Tuesday, September 7, 2010

ME/CFS happenings

Lots going on this week.

A new study found abnormalities in the white blood cells of kids with ME/CFS, suggesting they've been fighting off infection.
Professor Jill Belch, an expert in vascular medicine at Ninewells hospital in Dundee who led the latest research project, said: "What we've found are blood changes that suggest chronic inflammation.

"This is important because it's showing an abnormality that we might be able to devise a treatment for, but it's also important because some people do suggest that ME is a disease of the mind and here we are showing that it is a disease of the body."
Meanwhile, the Whittemore Peterson Institute and Cerus Corporation presented data today at the 1st International Workshop on XMRV demonstrating the efficacy of Cerus's INTERCEPT Blood System. This is good news for the blood supply—the INTERCEPT Blood System inactivates MLV-related viruses in donated blood.

Speaking of the 1st International Workshop on XMRV ... Day two, Wednesday, September 8, is apparently when they focus on ME/CFS. You can watch the event live, starting at 5:15 p.m. EST.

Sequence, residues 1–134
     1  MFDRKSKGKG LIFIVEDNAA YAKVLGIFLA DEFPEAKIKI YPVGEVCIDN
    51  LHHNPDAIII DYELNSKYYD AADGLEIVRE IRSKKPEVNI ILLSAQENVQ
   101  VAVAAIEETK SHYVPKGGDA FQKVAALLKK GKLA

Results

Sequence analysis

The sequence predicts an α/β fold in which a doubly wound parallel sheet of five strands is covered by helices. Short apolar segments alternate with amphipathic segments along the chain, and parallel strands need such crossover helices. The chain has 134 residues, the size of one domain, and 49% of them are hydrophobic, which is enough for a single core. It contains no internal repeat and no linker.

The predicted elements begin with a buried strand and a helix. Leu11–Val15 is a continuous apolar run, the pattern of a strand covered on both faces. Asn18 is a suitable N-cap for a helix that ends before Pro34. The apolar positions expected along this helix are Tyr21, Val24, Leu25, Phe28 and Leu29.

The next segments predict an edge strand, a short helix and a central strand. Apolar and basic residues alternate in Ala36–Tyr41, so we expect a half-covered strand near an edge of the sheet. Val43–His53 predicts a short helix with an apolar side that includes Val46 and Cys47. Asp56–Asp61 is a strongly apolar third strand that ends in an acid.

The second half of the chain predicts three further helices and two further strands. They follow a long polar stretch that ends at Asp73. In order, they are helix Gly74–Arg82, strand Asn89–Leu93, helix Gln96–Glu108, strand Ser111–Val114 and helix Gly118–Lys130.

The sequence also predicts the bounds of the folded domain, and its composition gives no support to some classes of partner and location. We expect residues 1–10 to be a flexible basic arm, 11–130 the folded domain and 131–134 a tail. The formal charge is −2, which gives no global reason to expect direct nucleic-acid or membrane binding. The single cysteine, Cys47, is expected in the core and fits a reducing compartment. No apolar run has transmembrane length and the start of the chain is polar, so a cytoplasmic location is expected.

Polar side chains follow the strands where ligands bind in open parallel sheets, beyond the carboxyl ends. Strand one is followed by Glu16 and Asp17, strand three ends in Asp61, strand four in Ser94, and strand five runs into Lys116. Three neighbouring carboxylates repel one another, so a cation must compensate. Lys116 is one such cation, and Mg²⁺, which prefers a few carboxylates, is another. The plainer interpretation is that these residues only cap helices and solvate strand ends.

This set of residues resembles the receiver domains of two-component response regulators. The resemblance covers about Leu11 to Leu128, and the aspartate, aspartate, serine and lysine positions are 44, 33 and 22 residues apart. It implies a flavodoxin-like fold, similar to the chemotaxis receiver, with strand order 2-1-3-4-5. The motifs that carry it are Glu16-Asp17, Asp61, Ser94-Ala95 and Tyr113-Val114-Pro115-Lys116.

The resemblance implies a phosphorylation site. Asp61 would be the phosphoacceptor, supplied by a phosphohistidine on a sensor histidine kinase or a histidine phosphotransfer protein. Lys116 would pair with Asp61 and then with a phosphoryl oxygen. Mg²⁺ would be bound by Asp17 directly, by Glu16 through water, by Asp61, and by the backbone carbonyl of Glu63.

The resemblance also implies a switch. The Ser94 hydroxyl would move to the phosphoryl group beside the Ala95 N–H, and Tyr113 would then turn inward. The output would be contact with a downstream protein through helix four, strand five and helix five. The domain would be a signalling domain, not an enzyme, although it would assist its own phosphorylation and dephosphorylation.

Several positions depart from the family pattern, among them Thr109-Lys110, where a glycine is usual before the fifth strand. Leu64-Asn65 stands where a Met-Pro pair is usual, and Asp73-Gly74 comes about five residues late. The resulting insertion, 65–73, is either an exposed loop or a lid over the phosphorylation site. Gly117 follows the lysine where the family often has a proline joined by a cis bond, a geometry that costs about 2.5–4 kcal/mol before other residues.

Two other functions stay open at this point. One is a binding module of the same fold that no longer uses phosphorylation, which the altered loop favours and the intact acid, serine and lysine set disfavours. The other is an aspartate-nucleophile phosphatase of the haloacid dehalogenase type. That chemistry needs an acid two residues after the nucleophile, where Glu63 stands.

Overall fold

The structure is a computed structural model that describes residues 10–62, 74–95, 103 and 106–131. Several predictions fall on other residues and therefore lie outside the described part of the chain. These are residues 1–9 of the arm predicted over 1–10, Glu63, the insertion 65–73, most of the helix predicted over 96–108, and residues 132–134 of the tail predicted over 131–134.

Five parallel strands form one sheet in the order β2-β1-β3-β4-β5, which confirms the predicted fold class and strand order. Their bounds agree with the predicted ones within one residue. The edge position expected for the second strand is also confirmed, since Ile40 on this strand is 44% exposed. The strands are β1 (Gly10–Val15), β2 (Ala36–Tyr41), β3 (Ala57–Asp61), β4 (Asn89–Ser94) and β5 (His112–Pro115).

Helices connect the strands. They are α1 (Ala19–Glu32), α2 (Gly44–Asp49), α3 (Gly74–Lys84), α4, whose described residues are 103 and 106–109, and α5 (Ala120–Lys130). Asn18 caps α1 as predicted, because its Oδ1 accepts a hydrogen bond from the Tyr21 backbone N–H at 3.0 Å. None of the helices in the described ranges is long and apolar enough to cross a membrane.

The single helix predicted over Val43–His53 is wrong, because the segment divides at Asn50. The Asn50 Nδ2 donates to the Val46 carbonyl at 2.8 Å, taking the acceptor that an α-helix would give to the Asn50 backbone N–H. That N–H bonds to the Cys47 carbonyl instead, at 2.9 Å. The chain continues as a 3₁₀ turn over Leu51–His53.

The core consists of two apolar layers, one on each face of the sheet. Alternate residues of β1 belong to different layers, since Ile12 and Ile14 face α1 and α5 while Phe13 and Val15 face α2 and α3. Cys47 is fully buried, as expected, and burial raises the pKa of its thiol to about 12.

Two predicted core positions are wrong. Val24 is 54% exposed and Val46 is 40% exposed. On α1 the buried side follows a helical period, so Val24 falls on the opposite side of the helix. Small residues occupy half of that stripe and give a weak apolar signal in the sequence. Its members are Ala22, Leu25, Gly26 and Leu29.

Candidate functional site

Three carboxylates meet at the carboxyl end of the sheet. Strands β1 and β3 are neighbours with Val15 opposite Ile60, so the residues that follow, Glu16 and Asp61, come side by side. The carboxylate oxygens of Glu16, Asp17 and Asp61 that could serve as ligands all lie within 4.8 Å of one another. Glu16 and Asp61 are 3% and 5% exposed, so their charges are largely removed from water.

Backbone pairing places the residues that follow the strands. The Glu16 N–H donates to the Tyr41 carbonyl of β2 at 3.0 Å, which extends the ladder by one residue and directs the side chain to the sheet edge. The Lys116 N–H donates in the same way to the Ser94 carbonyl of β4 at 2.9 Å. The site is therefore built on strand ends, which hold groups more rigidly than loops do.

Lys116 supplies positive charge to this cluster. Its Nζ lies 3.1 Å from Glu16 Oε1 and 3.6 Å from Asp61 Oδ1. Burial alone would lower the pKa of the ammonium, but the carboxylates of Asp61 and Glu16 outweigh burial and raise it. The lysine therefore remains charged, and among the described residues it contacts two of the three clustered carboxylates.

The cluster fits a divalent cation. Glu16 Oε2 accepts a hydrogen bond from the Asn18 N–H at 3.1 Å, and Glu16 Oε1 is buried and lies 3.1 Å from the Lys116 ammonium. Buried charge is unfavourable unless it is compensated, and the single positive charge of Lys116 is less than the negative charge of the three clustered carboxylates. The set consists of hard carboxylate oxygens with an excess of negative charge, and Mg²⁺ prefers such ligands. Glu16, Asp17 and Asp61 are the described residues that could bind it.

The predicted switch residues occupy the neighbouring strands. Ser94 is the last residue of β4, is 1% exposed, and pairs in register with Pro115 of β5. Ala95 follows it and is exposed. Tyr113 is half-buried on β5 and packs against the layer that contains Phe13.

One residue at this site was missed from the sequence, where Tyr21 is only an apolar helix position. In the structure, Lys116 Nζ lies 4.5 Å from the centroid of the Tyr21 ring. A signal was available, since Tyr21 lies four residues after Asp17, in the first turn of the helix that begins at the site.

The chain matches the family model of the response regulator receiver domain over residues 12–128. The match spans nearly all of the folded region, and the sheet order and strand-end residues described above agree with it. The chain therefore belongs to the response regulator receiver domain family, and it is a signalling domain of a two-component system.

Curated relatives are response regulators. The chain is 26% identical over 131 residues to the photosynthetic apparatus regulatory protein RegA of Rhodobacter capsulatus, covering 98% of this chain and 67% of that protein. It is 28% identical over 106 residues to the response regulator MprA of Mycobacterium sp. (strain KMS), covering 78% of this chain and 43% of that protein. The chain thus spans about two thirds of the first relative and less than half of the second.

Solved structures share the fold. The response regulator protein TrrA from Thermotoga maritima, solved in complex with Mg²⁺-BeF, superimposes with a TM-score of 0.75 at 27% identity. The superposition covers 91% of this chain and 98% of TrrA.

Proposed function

Joanne said...

The research in Scotland released yesterday was indeed excellent news supporting the evidence that indeed ME is actually a physical illness.

One would hope that further studies will be done to asses if this patient group tested positive for XMRV or MLV following WPI procedures.

However IO would hope that they also test these children to see if they could have a Borrelia infection something which is a growing problem here in the UK. Sadly current tests can miss upto 50% of cases.

The Scotish study in children with ME only shows evidence of an ongoing infection this could be viral or bacterial as stated by Proff Jill Belch it is too soon to assume it is viral both must be considered carefully.

Already many of the doctors in ME/CFS and Lyme recognise that some cases are Lyme and also some Lyme patients do test positive for XMRV.

Either way this research knocks the Psycobabble for six.

cinderkeys said...

The more they know, the more they'll be able to differentially diagnose. A lot of people with ME are diagnosed with nothing at all. A lot of people with different chronic illnesses are misdiagnosed with ME.

Thing is, many previous studies have turned up these sorts of positive results. The media just didn't report on them most of the time. XMRV/MLV and Kerr's subtypes were notable exceptions, but I suspect journalists find genetics and retroviruses sexier. That a story about more mundane abnormalities ... just perhaps ... reflects the changing tides.